Trudeau confirms Saudi asylum seeker coming to Canada
OTTAWA – Prime Minister Justin Trudeau said that the Saudi asylum seeker, who barricaded herself inside a Bangkok hotel room, is on her way to Canada.
Trudeau said that Canadian diplomats in Thailand had been closely engaged in the case of Rahaf Mohammed al-Qunun, who fled her family and renounced Islam, which is punishable by death in Saudi Arabia.
The United Nations High Commissioner for Refugees (UNHCR) had asked Canada to accept her as a refugee, and Canada has accepted that request and will be granting her asylum, Trudeau confirmed.
After the 18-year-old refused officials’ attempts to have her board a flight from the Thai capital to Kuwait on Monday, she barricaded herself inside an airport hotel room and took to social media to start a campaign that ended up garnering global attention to her case.
This prompted UN officials to grant her refugee status.
In a tweet Friday night, al-Qunun thanked those who supported and helped her. “Truly I have never dreamed of this love and support. You are the spark that would motivate me to be a better person,” she said.
Australia was among the countries also considering resettling the woman, as that's where she was headed when she arrived in Bangkok on a flight from Kuwait on Saturday.
Al-Qunun has alleged that her father physically abused her and tried to force her into an arranged marriage. Thailand police met with her father and said he denies these claims.
"When the United Nations made a request of us that we grant Ms. al-Qunun asylum, we accepted," Trudeau said.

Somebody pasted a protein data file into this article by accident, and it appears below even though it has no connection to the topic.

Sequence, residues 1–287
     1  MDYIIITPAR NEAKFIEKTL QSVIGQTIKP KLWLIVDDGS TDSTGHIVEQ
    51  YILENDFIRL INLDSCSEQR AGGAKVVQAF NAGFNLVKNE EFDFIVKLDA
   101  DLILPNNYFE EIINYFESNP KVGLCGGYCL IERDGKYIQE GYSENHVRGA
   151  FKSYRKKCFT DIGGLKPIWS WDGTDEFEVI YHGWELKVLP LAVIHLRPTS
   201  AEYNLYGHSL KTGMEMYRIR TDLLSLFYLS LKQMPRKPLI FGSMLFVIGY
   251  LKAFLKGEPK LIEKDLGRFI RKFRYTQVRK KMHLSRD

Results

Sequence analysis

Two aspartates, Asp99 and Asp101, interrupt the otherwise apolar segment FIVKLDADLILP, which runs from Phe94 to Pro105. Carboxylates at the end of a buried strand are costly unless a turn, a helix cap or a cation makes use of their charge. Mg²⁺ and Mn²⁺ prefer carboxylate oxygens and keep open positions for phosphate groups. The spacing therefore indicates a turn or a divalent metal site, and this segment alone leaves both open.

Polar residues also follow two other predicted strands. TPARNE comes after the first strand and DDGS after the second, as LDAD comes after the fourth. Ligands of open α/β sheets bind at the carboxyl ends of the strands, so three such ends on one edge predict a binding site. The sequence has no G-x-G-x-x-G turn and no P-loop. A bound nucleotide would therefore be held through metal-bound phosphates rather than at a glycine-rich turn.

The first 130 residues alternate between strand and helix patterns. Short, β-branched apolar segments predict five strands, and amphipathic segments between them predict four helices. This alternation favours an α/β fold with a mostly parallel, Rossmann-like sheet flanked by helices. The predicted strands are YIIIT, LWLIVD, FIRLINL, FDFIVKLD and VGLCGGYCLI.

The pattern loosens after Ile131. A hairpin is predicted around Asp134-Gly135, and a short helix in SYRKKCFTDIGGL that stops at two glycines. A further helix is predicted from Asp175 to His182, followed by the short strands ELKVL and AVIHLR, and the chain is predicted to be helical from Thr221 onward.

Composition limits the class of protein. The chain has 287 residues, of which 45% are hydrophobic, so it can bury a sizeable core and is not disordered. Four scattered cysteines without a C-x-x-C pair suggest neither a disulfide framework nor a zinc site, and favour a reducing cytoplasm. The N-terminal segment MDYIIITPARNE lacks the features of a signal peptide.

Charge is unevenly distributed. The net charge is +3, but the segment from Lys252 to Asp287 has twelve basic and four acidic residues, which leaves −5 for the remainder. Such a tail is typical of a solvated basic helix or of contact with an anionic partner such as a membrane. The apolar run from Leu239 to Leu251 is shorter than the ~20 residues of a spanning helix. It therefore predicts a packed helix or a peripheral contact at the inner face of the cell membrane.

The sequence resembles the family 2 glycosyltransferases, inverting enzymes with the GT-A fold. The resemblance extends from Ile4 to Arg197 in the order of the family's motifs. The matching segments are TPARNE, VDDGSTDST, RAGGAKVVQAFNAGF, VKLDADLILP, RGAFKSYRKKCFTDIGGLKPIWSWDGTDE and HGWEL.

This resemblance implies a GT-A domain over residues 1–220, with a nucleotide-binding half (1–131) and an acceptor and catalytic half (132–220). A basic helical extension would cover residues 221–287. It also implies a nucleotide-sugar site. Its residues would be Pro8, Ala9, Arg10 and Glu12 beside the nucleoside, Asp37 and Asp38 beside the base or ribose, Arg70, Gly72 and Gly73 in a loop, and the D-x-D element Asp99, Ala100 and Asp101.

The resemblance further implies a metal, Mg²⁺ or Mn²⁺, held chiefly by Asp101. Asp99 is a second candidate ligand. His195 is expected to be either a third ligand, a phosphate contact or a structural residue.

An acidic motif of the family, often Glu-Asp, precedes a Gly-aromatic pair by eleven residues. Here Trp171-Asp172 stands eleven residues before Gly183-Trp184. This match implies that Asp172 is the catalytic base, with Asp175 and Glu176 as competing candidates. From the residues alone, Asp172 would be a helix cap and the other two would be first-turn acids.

"That is something that we are pleased to do because Canada is a country that understands how important it is to stand up for human rights, to stand up for women's rights around the world," Trudeau said, during a media availability in Regina.
Al-Qunun's case has raised the state of women's rights in Saudi Arabia, where several women have been caught trying to seek asylum after fleeing their homes.
Federal officials had signaled earlier in the week that Canada would be open to taking in the teenager, after she had asked Canada for help, via her Twitter account.
In a statement, the UNHCR says it welcomes the expected arrival of al-Qunun in Canada. The refugee agency thanked the government of Thailand for its "quick actions," and the Canadian government for providing her a "long-term solution."
"Ms. al-Qunun’s plight has captured the world's attention over the past few days, providing a glimpse into the precarious situation of millions of refugees worldwide," UN High Commissioner for Refugees Filippo Grandi said in the statement. "Refugee protection today is often under threat and cannot always be assured, but in this instance international refugee law and overriding values of humanity have prevailed."
Taking in a Saudi refugee comes as diplomatic tensions between Canada and Saudi Arabia remain tense after several months of strained relations.
First, Canada's ambassador to Saudi Arabia was sent home and Saudi Arabia recalled its diplomatic officials after Canada tweeted concerns about the arrest of human rights activists in Saudi Arabia. Then, Canada levelled sanctions against many Saudis believed to be involved in the killing of journalist Jamal Khashoggi, and is said to be considering pulling out of the deal to sell light-armored vehicles to Saudi Arabia.
Trudeau did not voice any concern over how this move may further impact relations.
"Canada has been unequivocal that we will always stand up for human rights and women’s rights around the world," he said.
With files from the Associated Press and CTV National News’ London correspondent Daniele Hamamdjian
I would like to thank you people for supporting me and saiving my life. Truly I have never dreamed of this love and support— Rahaf Mohammed رهف محمد (@rahaf84427714) January 11, 2019
You are the spark that would motivate me to be a better person❤️❤️❤️